Is it life, if only lived in the mind? Or, is it madness?
The Math Path
The story takes place on the back porch of a suburban home in Chicago between 2008 and 2012. It concerns the daughter, Catherine (Valerie Martinka Davis) of a brilliant mathematician, who is not only dealing with her father's, [Robert (David Hudkins)] death, but must come to terms with the legacy he’s left behind. He was, in his final years, obsessed with numbers and may have been slowly going insane.
And she has been his only caregiver, sacrificing her human needs to administer to his. She has also followed in his footsteps, becoming absorbed in mathematical equations herself and may be cutting herself off, too, from the everyday world, as he did.
Has she inherited, not only his genius for numbers, but also his obsession with them? Will she also tumble down that slippery slope to madness? Is this her legacy and, if so, will she embrace it, or will it consume her, too?
Her lifelines to the “real” world are in the form of one of his students, Hal (Michael Lissman), who seems to have found a happy balance between Math and the more common aspects of life. As he becomes immersed in the notes of his dead tutor, her father, they find a more human-like entanglement with each other. And her sister, Claire (Sarah DeGrave) arrives to “rescue” her from a mind-filled but perhaps mind-less life. Being a genius may not be all its “cracked” up to be. If one cannot find a balance, then one may have to choose. “And, therein, lies a tale.”
The story does not concentrate on finding the ultimate proof in a math theory, but more on the purpose of life and the dynamics in relationships. Wisely, Alicia Maria Turvin, the Director, has chosen to find the truth within the characters themselves and how they relate to one another. Finding truth in the role you’re playing and convincing an audience of that truth, is the ultimate “proof” on the stage. And she has exceeded here well, with all four of her cast members.
Davis, as the lead, is extremely expressive in showing the inner turmoil and complexities of her character. She seethes with passion, both in her obsessions with math, but also with her feelings for Hal. She is totally believable, playing a very human woman, dealing with the anguish of loss, the cost of being a genius and the need for human warmth. I hope we see more of this talented lady onstage.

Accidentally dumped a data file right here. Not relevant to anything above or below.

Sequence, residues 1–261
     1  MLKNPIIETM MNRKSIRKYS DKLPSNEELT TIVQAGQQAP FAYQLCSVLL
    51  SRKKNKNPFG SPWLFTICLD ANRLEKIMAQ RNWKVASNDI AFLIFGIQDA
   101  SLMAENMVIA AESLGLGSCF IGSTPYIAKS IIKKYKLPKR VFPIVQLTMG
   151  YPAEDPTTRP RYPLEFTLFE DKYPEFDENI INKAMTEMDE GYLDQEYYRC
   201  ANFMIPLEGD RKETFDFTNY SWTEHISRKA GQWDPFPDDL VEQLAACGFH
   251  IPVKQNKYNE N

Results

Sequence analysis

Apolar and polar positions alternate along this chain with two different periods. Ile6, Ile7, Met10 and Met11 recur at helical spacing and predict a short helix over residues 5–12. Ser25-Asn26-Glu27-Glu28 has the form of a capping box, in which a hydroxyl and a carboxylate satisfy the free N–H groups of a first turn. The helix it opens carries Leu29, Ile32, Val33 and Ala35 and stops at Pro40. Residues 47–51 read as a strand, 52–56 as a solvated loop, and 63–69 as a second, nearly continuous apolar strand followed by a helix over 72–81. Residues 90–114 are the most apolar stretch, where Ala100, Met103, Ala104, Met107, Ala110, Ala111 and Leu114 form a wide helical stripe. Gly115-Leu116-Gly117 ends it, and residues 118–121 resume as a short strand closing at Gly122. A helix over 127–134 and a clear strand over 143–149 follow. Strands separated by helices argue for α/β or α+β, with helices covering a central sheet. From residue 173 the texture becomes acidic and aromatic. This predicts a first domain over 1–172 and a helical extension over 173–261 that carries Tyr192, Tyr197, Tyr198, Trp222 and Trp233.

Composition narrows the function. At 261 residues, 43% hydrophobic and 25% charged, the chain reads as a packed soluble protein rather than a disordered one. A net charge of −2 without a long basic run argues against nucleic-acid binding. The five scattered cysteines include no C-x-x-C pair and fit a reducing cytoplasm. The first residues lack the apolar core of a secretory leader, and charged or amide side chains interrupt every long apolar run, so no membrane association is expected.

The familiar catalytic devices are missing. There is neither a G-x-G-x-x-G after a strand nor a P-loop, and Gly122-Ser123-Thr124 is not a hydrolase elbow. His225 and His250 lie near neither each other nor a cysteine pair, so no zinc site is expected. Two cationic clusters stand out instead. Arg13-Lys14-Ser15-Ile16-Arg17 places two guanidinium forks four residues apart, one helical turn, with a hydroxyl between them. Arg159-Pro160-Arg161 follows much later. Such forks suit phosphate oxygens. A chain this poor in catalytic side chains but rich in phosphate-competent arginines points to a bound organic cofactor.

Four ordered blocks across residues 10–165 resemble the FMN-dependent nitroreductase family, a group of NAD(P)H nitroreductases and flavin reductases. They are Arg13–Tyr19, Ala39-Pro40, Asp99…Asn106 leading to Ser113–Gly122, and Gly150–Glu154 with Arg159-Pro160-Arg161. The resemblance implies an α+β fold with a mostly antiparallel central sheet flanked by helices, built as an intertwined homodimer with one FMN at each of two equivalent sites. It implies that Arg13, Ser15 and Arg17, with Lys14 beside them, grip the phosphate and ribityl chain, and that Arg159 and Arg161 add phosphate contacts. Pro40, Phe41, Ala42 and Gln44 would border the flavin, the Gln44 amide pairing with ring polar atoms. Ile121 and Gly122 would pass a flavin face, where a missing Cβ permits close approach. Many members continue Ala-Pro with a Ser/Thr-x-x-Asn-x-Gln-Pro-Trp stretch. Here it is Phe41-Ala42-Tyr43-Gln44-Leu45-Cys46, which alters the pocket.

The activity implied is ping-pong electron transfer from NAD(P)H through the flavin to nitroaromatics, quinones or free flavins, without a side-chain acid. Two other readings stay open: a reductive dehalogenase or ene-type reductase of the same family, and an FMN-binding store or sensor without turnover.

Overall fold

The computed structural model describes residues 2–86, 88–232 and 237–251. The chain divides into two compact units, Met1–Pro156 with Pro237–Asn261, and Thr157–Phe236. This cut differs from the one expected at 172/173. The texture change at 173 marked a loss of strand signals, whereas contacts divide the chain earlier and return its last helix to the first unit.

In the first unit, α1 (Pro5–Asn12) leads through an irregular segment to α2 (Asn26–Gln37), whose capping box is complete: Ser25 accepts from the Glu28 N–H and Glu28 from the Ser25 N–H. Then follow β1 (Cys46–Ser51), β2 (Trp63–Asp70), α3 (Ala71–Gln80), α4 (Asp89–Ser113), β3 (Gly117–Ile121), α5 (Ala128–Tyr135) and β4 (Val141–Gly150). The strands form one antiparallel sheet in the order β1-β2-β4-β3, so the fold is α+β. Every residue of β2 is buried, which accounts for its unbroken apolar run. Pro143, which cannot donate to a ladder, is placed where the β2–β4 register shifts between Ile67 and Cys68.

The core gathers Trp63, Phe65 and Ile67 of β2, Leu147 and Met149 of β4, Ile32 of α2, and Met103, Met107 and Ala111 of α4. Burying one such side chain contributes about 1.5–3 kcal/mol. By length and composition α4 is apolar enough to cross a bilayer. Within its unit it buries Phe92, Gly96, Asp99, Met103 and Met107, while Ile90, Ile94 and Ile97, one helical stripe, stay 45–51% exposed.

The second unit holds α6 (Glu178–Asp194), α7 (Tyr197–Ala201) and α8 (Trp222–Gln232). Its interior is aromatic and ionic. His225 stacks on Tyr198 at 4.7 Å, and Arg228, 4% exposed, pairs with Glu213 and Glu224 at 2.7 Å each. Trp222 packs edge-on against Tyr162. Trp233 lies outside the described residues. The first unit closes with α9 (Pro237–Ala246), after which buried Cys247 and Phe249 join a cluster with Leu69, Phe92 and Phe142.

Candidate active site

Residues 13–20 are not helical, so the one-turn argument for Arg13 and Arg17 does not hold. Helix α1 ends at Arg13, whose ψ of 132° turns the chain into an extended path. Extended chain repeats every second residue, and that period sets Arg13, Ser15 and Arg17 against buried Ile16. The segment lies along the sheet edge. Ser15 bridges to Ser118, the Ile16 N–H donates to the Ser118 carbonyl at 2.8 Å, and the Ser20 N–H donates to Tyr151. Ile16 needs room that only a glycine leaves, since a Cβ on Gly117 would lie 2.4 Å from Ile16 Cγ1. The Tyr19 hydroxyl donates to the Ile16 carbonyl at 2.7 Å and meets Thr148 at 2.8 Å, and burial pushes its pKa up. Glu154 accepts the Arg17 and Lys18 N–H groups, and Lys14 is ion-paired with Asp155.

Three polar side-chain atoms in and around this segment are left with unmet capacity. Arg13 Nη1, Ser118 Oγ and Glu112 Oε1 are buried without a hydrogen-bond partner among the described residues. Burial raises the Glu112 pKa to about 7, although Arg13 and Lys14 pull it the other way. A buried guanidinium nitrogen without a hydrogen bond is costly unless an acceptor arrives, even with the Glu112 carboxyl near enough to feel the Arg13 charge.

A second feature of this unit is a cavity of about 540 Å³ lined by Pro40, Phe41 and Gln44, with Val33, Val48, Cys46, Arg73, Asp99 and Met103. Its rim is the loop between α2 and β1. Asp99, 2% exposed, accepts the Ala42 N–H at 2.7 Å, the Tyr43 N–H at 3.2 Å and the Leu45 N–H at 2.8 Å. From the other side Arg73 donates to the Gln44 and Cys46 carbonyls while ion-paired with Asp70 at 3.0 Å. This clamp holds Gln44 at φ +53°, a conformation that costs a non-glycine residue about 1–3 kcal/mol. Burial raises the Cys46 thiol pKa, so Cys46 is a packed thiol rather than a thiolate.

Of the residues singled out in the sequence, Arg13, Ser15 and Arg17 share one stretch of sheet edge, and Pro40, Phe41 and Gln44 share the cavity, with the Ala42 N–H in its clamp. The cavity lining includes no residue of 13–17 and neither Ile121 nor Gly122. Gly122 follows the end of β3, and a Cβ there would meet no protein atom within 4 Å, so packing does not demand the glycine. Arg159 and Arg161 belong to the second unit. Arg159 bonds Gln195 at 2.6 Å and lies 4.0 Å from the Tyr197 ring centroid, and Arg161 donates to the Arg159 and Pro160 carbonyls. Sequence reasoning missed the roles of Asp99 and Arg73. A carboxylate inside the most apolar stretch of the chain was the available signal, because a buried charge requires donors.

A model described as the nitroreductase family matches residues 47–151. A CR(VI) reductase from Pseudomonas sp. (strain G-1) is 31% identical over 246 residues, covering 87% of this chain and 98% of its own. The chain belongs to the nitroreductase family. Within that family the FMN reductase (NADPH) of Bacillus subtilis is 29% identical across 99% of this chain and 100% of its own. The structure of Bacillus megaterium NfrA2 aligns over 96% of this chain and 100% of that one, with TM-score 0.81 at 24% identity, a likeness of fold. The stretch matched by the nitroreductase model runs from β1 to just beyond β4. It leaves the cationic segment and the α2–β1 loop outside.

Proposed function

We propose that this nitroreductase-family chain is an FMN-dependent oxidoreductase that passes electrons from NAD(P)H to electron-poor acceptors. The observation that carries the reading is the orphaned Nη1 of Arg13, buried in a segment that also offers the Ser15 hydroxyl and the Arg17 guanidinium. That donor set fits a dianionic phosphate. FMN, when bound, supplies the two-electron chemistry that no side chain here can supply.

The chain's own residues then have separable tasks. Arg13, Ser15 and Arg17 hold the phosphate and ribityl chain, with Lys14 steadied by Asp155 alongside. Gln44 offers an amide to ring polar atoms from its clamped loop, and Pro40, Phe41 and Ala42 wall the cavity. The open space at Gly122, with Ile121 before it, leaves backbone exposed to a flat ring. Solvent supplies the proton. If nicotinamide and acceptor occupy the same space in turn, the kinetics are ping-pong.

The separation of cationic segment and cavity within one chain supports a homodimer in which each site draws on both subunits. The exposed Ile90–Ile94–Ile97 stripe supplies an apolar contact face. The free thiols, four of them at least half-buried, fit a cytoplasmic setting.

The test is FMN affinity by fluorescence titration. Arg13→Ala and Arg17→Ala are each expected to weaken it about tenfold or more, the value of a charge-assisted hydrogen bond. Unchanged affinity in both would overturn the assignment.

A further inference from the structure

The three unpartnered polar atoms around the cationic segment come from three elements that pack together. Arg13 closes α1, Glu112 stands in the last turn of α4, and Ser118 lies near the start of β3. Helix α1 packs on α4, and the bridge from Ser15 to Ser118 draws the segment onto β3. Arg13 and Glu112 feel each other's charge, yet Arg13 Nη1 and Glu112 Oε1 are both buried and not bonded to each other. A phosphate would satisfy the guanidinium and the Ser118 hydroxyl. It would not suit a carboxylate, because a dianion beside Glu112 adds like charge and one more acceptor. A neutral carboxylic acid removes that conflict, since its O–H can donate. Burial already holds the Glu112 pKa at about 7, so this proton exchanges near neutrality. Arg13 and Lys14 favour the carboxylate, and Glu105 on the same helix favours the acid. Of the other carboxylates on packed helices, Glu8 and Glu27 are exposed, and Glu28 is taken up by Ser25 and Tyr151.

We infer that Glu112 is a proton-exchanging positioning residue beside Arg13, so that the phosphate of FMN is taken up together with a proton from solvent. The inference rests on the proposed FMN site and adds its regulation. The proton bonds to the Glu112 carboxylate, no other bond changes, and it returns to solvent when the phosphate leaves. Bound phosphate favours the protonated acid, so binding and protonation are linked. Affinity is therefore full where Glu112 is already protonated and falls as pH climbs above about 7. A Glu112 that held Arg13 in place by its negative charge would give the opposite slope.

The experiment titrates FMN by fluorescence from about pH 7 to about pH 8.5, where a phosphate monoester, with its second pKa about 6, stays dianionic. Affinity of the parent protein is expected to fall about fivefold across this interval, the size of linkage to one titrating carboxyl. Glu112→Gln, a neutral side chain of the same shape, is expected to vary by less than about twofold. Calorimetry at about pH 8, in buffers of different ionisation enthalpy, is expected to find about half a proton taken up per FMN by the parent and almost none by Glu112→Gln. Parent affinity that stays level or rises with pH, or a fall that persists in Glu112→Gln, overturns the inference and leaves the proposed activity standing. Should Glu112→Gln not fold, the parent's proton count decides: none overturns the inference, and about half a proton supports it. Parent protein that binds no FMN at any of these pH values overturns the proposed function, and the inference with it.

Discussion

| Actors Valerie Martinka Davis (Catherine) and David Hudkins (Robert).|
Photo courtesy of Christopher Paradee.
The young man could have been a throwaway role. But Lissman gives it depth, allowing us to see his own struggles with math, the real world and love. And the romantic scenes between he and Davis do touch the heart and have a fire within them.
DeGrave is likewise convincing as the sister of Catherine. In lesser hands she could have come off as the villain, interfering and trying to dominate her sister’s life. But DeGrave shows us also a caring human being, trying to save her loved one from the same fate their father encountered. She, too, is someone to watch in future roles.
It is obvious that the director has spent a great deal of time exploring the depths of these characters with her actors. And the porch setting and lighting are nicely done. But, being such a small stage, everything is noticed, therefore, should have purpose.
For instance, there is a lawnmower leaning against the house which is never used, so probably, doesn’t need to be there. Also, the interior of the house is brightly lit but has nothing on the walls, like pictures, to indicate the life within. And, at one point, a party is talked about going on in the home, but no subtle hum of activity is present. Small observations, maybe, and none of this really interferes with the success of the show, but it would have been nice to stretch the reality of it a little further.
I would highly recommend the show, especially for the acting and directing. The opening night show was sparsely attended and deserves a larger audience. If you do go, please tell them Dennis sent you.
"Proof" is written by David Auburn and directed by Alicia Maria Turvin.
The production run includes performances at 8 p.m. on March 9, 14, 15, 16, 22, 23, 29, 30, with Sunday matinee performances at 2 p.m. on March 10, 17, 24, 31. Thursday, March 14 at 8 p.m. is a "Pay What You Will" performance. All performances take place at The Serendipity Playhouse, 500 Washington St., Vancouver, Wash. Reservations are strongly recommended for all performances, and unclaimed seats will be sold five minutes before start of each show.
WARNING: This play has strong language which some people may find offensive. Although not gratuitous, the f-bomb is part of speech for these characters. The play is not recommend for children.
Tickets are $15 general admission and may be purchased online at www.serendipityplayers.org, or reservations can be made by calling 360-834-3588. Tickets are also available at the door. Doors open 30 minutes before the performance.
Serendipity Players is a non-equity, semi-professional theater company.
Review by Dennis Sparks, Guest Reviewer